Laptops didn't/couldn't connect to state voter registration database (particularly reported in Florida) and voting had to be shut down.

Yes, they were reported........but no one was paying attention.

The problems were so numerous and unfixable, those states canceled use of the statewide voter registration database for election day and went back to paper records.

Paper absentee votes aren't allowed in Georgia, unless you aren't going to be in the state on election day. Georgia is doing everything in their power to eliminate ALL PAPER ballots permanently.

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napi21 Donating Member (1000+ posts) Send PM | Profile | Ignore Sat Jun-25-05 02:44 PM
Response to Reply #9
12. I can't knowledgeably respond to the other states, but you're
wrong about absentee voting in Ga. I thought aobut that, and decided not to, because I heard Jeb was urging the Fl voters to vote absentee. I realize it might have been a stupid reason, but I figured if Jeb wanted it, something was WRONG! I suppopse it could have been the other way, if I believed him, but then...I don't!

I spent my last 40+ years as an accountant, and technology has been a God Send! I hate to admit it, but I really question wether things such as touch screen computers can ever be made reliable as a voting machine. When you "account" for things, you always have a "source document"! A check you put into the ATM, a bill you used to enter an expense, etc. With voting, all you have is a voters mind! There is NO source doc. Because of the "secret ballot" principle, there jiust isn't anything you can use!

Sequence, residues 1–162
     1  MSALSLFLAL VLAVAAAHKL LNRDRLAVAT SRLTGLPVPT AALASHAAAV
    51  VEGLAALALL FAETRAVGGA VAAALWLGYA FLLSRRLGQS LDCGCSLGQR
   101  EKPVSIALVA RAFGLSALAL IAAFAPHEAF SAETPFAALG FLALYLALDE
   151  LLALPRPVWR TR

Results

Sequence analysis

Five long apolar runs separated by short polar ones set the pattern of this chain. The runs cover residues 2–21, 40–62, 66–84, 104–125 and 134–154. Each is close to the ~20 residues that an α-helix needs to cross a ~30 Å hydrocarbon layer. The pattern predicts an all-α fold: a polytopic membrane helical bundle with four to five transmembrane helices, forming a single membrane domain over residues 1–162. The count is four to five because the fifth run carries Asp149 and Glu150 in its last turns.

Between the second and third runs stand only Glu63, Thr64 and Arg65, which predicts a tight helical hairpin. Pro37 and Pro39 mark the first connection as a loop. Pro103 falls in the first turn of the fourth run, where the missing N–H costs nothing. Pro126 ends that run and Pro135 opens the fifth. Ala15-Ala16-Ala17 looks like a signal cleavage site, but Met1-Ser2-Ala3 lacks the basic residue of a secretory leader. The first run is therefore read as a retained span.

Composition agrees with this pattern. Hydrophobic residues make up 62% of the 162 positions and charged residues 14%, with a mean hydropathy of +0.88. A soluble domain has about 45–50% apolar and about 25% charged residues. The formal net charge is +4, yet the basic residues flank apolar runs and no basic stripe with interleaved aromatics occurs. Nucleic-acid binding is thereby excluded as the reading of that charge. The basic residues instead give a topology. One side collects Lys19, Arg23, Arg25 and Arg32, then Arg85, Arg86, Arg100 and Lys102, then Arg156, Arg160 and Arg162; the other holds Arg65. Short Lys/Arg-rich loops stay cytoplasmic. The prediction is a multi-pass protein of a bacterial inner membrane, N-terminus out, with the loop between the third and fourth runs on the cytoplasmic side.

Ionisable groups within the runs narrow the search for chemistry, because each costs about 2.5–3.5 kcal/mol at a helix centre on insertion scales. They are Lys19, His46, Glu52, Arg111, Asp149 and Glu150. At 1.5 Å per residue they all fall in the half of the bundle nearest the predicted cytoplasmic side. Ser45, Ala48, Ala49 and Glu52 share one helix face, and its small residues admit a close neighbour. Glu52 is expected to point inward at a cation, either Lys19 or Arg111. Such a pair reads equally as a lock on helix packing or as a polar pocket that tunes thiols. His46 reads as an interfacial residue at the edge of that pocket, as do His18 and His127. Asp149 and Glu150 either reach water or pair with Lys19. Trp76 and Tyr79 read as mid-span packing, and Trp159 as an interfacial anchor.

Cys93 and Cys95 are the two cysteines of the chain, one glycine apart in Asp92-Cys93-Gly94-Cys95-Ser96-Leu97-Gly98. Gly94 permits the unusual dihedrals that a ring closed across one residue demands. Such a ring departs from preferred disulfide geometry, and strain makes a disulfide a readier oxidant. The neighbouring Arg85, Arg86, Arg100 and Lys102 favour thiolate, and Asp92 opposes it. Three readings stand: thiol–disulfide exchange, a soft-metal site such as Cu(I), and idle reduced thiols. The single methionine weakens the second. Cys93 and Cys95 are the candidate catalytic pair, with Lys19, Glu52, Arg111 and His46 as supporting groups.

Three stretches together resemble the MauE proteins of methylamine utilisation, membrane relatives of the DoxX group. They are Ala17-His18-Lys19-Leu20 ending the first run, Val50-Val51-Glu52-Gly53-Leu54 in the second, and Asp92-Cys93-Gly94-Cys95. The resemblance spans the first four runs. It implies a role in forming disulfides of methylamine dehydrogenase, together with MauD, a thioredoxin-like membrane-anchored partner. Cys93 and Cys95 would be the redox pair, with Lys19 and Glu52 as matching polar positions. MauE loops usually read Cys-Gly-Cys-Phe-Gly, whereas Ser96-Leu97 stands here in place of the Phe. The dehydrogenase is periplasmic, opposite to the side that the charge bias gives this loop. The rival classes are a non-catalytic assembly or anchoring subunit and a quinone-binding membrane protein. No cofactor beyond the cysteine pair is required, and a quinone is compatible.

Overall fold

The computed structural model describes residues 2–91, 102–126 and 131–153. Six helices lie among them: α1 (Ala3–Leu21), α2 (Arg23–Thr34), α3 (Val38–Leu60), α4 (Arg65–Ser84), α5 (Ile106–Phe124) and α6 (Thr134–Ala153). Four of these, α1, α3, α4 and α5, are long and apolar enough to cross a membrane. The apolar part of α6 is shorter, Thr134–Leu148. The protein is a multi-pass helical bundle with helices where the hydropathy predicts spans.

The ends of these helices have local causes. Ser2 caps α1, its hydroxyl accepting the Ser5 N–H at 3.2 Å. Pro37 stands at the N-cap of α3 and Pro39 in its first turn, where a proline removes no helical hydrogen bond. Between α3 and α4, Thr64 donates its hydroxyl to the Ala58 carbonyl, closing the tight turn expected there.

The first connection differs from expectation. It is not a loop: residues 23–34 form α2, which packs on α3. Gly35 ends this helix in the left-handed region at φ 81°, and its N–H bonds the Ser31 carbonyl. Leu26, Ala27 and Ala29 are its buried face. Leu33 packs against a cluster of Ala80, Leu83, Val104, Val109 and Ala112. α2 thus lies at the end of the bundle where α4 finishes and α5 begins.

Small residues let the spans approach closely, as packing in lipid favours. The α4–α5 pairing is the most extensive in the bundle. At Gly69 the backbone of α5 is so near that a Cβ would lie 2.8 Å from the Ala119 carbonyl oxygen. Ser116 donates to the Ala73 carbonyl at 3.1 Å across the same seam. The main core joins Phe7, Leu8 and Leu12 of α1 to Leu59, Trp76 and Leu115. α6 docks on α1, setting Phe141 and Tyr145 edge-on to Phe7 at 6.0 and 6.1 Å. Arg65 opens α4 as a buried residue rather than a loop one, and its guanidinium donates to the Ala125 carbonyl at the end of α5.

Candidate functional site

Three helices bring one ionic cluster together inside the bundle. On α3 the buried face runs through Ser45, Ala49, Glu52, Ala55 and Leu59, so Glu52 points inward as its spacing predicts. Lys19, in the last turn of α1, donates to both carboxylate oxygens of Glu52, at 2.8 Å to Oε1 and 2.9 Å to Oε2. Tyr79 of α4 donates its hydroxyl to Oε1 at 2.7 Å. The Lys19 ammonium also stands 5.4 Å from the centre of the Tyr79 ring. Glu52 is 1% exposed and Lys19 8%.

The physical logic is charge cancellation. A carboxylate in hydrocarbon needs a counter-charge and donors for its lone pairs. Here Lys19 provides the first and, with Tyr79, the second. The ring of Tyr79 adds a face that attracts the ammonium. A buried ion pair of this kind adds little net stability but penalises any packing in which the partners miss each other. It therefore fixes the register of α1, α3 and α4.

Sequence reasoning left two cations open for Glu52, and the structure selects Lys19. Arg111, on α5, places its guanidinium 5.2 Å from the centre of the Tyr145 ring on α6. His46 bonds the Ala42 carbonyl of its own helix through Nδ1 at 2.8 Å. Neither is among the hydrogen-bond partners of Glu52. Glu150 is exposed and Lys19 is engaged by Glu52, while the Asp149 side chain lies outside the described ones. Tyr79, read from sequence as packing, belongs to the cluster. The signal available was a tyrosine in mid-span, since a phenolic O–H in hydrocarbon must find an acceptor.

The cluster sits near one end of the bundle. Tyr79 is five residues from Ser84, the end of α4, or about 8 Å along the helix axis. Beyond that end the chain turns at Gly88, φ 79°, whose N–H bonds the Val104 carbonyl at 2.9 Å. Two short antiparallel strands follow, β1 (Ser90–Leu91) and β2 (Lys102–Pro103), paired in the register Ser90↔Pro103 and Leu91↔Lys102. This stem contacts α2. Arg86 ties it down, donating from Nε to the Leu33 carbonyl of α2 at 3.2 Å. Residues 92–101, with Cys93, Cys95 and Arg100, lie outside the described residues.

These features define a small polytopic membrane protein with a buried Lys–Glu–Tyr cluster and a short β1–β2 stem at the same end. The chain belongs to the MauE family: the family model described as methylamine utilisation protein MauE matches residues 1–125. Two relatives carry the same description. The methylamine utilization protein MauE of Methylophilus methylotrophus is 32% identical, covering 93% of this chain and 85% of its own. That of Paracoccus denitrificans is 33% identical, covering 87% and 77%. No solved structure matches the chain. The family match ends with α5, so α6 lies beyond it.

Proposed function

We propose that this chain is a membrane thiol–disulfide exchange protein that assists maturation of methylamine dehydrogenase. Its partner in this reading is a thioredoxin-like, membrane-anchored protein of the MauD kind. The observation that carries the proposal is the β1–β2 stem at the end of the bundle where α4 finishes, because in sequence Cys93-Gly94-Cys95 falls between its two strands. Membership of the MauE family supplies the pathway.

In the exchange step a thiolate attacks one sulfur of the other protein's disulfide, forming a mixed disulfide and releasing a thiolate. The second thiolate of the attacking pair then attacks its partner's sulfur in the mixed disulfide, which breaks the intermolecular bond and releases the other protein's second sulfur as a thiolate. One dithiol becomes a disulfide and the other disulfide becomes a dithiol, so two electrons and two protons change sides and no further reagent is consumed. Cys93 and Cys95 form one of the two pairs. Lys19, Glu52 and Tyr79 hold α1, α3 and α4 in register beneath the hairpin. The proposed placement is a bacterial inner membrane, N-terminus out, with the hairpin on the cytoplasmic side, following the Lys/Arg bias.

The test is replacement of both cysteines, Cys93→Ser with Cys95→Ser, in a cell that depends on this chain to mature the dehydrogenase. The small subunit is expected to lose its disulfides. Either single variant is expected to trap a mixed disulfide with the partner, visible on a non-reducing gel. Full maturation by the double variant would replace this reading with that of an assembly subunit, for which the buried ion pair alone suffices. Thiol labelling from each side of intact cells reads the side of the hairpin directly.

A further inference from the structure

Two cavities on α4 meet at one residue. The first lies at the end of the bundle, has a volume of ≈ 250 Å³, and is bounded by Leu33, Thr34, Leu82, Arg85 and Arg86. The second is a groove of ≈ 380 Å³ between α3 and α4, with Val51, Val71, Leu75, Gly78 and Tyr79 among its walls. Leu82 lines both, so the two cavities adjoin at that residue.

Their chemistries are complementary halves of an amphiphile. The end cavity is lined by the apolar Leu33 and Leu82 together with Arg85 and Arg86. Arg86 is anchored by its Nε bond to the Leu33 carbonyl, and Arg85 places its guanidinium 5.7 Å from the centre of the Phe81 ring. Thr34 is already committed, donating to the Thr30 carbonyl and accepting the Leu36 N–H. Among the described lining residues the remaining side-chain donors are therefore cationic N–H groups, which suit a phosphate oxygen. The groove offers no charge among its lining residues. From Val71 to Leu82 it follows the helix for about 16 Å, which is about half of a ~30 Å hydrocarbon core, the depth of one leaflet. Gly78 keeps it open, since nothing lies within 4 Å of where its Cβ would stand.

As much as we all are very anxious to hear results, have a machine hold the voter's hand so they don't make an unknown error, and have everyything happen at the speed of light, I really wonder if we don't have to go back to optical scaners, just to get integrity back into our elections.
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Boredtodeath Donating Member (1000+ posts) Send PM | Profile | Ignore Sat Jun-25-05 03:06 PM
Response to Reply #12
13. No, I'm not wrong
Following are the only reasons for a paper absentee ballot. And, if you go into the office to request one anytime during the 180 day period before an election the request will result in a DRE vote.

As used in this article, the term absentee elector means an elector of this state or a municipality thereof who:
(1) Is required to be absent from his or her precinct during the time of the primary or election he or she desires to vote in;
(2) Will perform any of the official acts or duties set forth in this chapter in connection with the primary or election he or she desires to vote in;
(3) Because of physical disability or because of being required to give constant care to someone who is physically disabled, will be unable to be present at the polls on the day of such primary or election;
(4) Because the election or primary falls upon a religious holiday observed by such elector, will be unable to be present at the polls on the day of such primary or election;
(5) Is required to remain on duty in his or her place of employment for the protection of the health, life, or safety of the public during the entire time the polls are open when such place of employment is within the precinct in which the voter resides; or
(6) Is 75 years of age or older.
http://www.countthevote.org/evote_docs/georgiatitle21-2...
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Boredtodeath Donating Member (1000+ posts) Send PM | Profile | Ignore Sat Jun-25-05 01:34 PM